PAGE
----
Emma DeBerdine took a shot from just outside the cage with about 10 minutes left. Once again, Penn State goalkeeper Brie Barraco came up with the save.

She couldn’t cover the ball, and Maryland field hockey continued to try and get the ball in the cage. But it couldn’t. And the Nittany Lions kept rolling and eventually closed out a 3-0 shutout of the Terps on Friday afternoon.

“We did not play well,” coach Missy Meharg said. “We played a good team that played very systematically as one. I applaud them.”

Penn State seemed to be in control for the entire match. The Nittany Lions’ offense took 13 shots against Maryland’s nine.

Just over five minutes into the match, Bree Bednarski fired an insertion on a penalty corner. Elena Vos set up an Anna Simon shot perfectly, and the junior defender took a shot that sailed past a diving Noelle Frost and gave Penn State (2-2) an early lead.

It took nearly 15 minutes for Maryland (2-3) to draw its first penalty corner. With three ticks left in the opening quarter, the Terps lined up for it, and defender Riley Donnelly sent a shot that was deflected and knocked away.

The Nittany Lions continued to show their strength in the second period, drawing a corner just 29 seconds in. Frost took care of the shot, diverting it away from goal. But the press was on, with Penn State’s attack growing in confidence throughout the frame.

[Back from an injury, Kyler Greenwalt is powering Maryland field hockey’s attack]

The Terps struggled to get a shot off for the majority of the second period. With a minute left, defender Maura Verleg deflected a Penn State shot away and sent the ball upfield. Maryland’s attack charged toward the cage, a place where it hadn’t spent a lot of time in.

Bibi Donraadt ended up launching a deep, backhanded shot from the left side of the 23-meter line. Her shot was wide, and the Nittany Lions held onto their 1-0 lead going into the break.

“Outside of Bibi’s shot, I don’t really recall a lot of shots,” Meharg said. “We’re gonna watch the game tomorrow.”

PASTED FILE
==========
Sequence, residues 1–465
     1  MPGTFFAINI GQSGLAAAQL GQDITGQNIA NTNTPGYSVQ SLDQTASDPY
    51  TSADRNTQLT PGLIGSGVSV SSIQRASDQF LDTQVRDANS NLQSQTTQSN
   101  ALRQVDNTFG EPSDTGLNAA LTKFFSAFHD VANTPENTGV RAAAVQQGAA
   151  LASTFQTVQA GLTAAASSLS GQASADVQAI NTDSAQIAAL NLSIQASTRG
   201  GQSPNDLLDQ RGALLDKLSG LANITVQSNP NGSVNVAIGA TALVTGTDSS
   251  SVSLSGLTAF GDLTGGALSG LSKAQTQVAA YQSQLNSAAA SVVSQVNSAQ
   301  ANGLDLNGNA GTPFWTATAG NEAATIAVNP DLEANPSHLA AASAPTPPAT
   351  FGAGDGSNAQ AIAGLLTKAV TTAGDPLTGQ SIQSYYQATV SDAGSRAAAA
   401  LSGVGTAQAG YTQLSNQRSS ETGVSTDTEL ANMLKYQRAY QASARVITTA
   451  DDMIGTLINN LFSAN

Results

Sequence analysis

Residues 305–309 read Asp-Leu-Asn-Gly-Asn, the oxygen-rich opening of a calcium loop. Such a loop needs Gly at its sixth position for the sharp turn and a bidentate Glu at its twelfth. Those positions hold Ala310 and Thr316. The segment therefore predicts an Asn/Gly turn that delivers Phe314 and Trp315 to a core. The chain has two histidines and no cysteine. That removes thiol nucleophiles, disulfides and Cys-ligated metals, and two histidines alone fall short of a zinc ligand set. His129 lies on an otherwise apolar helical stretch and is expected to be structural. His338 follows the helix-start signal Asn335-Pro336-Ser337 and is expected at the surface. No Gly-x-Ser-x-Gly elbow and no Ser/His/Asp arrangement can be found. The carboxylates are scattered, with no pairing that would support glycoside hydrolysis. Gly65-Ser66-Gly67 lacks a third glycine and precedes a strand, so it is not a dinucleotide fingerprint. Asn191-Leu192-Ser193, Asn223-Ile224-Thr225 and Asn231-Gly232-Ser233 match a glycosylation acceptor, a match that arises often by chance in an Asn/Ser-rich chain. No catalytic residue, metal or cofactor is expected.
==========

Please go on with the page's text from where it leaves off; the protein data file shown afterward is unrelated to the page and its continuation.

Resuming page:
And nothing changed as Penn State started attacking from left to right in the second half. As it continued to pressure Frost and Maryland’s defense, midfielder Sophia Gladieux took a shot that sailed high of the cage.

With eight minutes left, Maryland again tried to get its offense going. Forward Mayv Clune took a shot that was kicked away by Nittany Lions goalkeeper Brie Barraco.

“I feel like we were isolated the whole time and didn’t really attack and numbers,” Meharg said.

But Penn State’s pressure continued to intensify. And eventually, it broke through again. Off its fourth penalty corner of the match, Gladieux connected, slotting past Frost to extend the Nittany Lions’ lead to 2-0.

“The connection just wasn’t there between the lines today,” Brooke DeBerdine said. “We didn’t come out with a good mentality.”

[When it needs a stop, Maryland field hockey turns to Noelle Frost]

And Penn State’s dominance continued into the fourth quarter. Two minutes into the final period, Gladieux had a hand in another Penn State goal, assisting when midfielder Emma Spisak found the back of the cage.

But Maryland wasn’t going away. The Terps peppered Barraco with shots, including a whipped DeBerdine effort. But like countless times before, Barraco came up with the save.

With just under five minutes to play in regulation, Maryland earned another corner. Off a Donraadt insertion, a shot from Taylor Mason came up empty.

Meharg’s side battled, sending shot after shot toward Barraco’s cage. But it couldn’t overpower Penn State’s powerhouse. Barraco made seven saves, safely protecting the Nittany Lions cage.

And Barraco is someone who many of the Maryland players know.

“I think we all know Brie from a couple different USA stuff,” DeBerdine said. “And she’s a very good goalkeeper; she’s very quick with her reflexes.”

It was too little, too late for the Terps, who failed to mount any sort of consistent offense en route to a third loss in the last four games.

Now, Maryland seems a world away from the national championship side it has revealed itself to be throughout Meharg’s tenure, a trajectory Meharg and her staff will hope to correct in the coming few weeks.

“The game is an enigma to me,” Meharg said.